Growth mindset is one of the most important values we can instill in our students. Growth mindset teaches that no matter what, we are capable of succeeding with the right amount of perseverance, dedication, and hard work. What teacher wouldn’t want to base lessons on this concept? Inspirational mentor texts are one of the best methods to teach growth mindset, in my experience.
For a full set of writing prompts based on these mentor texts, check out my ready-made growth mindset writing prompts.
My favorite mentor texts to use for teaching this unit include inspiring stories, both fiction and non-fiction. Let’s dive in to the titles!
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Capture the attention of all the aspiring athletes and young sports fans in your class with this inspiring story written by Michael Jordan’s own mother and aunt. They tell the story of how the future basketball star nearly gave up on his dream because he believed he would never be tall enough. Patience, determination, and hard work clearly won out in the young man’s mind, however, and the rest is history!
Just a girl and her dog – and a lot of frustration! The unnamed girl who stars in this book aspires to make the most magnificent thing ever! She’s sure she can do it, but as she dives into the project, nothing goes quite right. Just as she is ready to give up, her dog BFF convinces her to take a walk and try again with renewed determination. The illustrations and descriptive language in this book is perfect for inspiring young minds to creatively tackle new problems and to persevere through frustration.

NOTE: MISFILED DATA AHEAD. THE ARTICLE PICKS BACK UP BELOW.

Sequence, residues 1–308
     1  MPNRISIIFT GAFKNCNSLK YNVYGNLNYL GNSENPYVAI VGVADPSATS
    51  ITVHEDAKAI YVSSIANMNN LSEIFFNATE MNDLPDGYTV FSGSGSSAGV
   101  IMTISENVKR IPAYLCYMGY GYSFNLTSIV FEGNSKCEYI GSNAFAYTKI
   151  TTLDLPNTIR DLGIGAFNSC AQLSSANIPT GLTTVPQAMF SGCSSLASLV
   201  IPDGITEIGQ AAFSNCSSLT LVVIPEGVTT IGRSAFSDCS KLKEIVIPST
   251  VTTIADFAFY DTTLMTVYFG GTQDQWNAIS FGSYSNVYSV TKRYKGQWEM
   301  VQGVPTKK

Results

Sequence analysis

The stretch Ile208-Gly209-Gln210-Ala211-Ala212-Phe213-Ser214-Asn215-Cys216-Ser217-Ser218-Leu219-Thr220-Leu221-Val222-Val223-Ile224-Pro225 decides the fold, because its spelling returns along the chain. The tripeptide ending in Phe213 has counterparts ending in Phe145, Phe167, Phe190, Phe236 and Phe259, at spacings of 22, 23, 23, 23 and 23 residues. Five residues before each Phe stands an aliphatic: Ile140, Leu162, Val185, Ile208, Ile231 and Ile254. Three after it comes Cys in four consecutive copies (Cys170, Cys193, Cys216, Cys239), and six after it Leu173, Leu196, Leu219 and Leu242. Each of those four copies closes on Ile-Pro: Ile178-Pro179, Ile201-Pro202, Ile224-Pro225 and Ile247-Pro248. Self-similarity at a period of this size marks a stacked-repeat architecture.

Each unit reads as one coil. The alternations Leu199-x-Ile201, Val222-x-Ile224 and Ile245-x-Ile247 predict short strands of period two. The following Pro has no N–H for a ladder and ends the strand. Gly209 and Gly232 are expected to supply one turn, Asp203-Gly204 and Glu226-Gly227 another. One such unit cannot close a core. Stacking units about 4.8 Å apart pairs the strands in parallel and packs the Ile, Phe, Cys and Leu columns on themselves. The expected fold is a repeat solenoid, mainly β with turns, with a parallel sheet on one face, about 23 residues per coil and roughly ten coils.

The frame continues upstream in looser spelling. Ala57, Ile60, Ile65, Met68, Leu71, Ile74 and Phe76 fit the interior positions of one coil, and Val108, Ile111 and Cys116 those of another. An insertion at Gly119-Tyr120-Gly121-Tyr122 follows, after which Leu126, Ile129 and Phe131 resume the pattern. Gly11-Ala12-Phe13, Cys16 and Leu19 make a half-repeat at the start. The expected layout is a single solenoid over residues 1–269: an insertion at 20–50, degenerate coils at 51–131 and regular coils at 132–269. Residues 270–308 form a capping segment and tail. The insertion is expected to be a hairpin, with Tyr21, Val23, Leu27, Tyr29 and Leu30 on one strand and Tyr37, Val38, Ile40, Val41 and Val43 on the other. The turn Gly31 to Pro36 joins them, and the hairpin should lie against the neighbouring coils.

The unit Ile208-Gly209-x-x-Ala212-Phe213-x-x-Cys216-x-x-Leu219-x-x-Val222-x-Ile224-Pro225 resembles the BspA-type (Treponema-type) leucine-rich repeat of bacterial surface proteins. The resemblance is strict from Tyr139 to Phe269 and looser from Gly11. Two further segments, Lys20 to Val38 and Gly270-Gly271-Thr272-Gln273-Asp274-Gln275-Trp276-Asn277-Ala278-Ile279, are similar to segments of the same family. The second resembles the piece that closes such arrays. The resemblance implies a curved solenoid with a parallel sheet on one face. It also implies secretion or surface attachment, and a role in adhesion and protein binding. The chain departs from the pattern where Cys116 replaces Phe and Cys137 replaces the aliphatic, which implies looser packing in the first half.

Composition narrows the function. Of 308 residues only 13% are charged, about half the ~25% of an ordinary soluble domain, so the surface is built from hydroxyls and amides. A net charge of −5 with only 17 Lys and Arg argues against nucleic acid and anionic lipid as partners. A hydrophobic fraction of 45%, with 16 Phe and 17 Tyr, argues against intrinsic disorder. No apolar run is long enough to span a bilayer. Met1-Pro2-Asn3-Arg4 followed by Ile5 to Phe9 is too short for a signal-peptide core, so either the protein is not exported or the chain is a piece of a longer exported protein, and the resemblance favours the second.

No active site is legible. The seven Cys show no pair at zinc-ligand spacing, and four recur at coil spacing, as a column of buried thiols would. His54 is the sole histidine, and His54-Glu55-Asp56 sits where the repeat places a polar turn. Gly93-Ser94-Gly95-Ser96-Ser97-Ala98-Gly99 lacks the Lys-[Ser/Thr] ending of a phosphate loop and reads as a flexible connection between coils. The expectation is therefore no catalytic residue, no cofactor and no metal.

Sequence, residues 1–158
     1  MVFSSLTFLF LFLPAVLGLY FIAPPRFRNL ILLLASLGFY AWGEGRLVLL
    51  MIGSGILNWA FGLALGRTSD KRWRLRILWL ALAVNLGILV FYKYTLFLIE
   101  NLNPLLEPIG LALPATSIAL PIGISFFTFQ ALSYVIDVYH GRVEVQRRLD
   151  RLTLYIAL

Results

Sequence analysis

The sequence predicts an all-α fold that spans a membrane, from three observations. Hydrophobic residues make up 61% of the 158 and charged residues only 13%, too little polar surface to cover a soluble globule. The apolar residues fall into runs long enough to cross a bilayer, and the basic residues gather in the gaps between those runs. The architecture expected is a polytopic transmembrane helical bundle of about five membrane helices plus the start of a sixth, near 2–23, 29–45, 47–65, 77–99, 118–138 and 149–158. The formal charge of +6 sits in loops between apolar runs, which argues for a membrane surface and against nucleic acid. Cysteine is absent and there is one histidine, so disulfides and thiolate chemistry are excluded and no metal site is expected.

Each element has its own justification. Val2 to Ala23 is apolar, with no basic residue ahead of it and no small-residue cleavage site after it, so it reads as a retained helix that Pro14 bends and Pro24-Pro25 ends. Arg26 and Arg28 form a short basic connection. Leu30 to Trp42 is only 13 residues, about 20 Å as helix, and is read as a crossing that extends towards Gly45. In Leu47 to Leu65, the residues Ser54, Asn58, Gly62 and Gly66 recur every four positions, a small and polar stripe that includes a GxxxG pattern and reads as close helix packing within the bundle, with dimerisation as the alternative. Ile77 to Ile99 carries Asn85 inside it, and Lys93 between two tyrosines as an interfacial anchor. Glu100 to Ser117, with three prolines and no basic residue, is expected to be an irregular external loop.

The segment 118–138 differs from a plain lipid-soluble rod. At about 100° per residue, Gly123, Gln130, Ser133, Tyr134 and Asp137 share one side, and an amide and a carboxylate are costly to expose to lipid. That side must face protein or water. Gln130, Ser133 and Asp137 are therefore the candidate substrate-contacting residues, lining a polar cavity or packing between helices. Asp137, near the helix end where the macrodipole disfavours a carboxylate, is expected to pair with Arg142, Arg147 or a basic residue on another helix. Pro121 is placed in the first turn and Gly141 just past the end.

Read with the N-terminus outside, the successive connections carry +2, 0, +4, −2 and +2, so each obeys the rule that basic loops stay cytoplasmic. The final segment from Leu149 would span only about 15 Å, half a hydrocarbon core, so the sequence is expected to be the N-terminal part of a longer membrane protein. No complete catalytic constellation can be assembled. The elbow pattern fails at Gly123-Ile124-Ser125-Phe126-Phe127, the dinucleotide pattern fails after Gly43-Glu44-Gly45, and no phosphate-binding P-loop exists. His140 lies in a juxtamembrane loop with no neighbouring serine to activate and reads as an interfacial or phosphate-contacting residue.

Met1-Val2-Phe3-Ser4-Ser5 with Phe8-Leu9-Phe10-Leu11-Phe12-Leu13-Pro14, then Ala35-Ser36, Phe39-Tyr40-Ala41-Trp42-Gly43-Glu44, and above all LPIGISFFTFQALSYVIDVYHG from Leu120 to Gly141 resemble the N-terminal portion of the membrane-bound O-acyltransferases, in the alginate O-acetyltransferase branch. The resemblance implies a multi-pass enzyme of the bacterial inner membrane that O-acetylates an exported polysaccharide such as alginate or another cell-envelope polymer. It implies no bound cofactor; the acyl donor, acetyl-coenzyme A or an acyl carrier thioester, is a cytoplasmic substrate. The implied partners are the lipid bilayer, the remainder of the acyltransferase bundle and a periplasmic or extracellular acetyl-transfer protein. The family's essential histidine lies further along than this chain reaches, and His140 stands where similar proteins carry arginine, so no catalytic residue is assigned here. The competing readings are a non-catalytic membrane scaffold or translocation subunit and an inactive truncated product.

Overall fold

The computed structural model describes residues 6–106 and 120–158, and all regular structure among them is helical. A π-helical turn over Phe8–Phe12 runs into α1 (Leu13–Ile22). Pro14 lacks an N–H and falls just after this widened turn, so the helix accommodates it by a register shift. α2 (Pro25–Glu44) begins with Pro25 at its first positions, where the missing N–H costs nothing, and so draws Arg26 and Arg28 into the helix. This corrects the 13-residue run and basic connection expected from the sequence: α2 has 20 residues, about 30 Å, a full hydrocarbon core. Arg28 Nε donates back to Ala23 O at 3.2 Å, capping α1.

This book, written by former first daughter Chelsea Clinton, celebrates the stories of 13 American women who displayed bravery, persistence, and conviction in order to shape our country for the better. Many of these women faced incredible obstacles, yet they persevered and achieved their dreams anyway. The stories of women like Harriet Tubman, Helen Keller, Ruby Bridges, Sonia Sotomayor, Sally Ride, and more, will inspire your students to strive for greatness.
Rosie is a girl who loves to invent things, but she’s so worried they won’t work or people won’t like them, she hides her amazing creations away! One day, her great-great aunt, Rosie the Riveter, comes to visit and inspires her to embrace her first failure. The overall message is that growth comes when we take risks and strive to learn new things. The only time we truly fail is when we quit! I love asking students dream about what they may invent one day and the path it may take for them to get there.
I like to have students compare and contrast the next two books. Each story is about a young boy who had to overcome some big challenges in order to achieve his dreams.
In Emmanuel’s Dream, we meet Emmanuel, a boy from Ghana who was born with a deformed leg. Despite his physical disability, he went on to attend school, even though he had to hop there, two miles each way. He learned to play soccer and ride a bike, and eventually rode across his home country to spread his powerful message that Disability is not Inability.
The Boy Who Harnessed the Wind is also based on a true story. This time, we experience life in Malawi during a harsh drought. Fourteen-year-old William Kamkwanmba sees crops failing and his village suffering. Without money for food or any way to get to school, he spends his time in the library, learning how to build a functioning windmill for his village. He succeeds in harnessing the wind, becoming a hero for his village.
All of these mentor texts show how, even when faced with seemingly impossible circumstances, every person has the power to change reality for the better.
Have you used any of these books in your classroom? I’d love to know how students respond to them, and if you’ve found any other great titles to teach growth mindset. Let me know in the comments!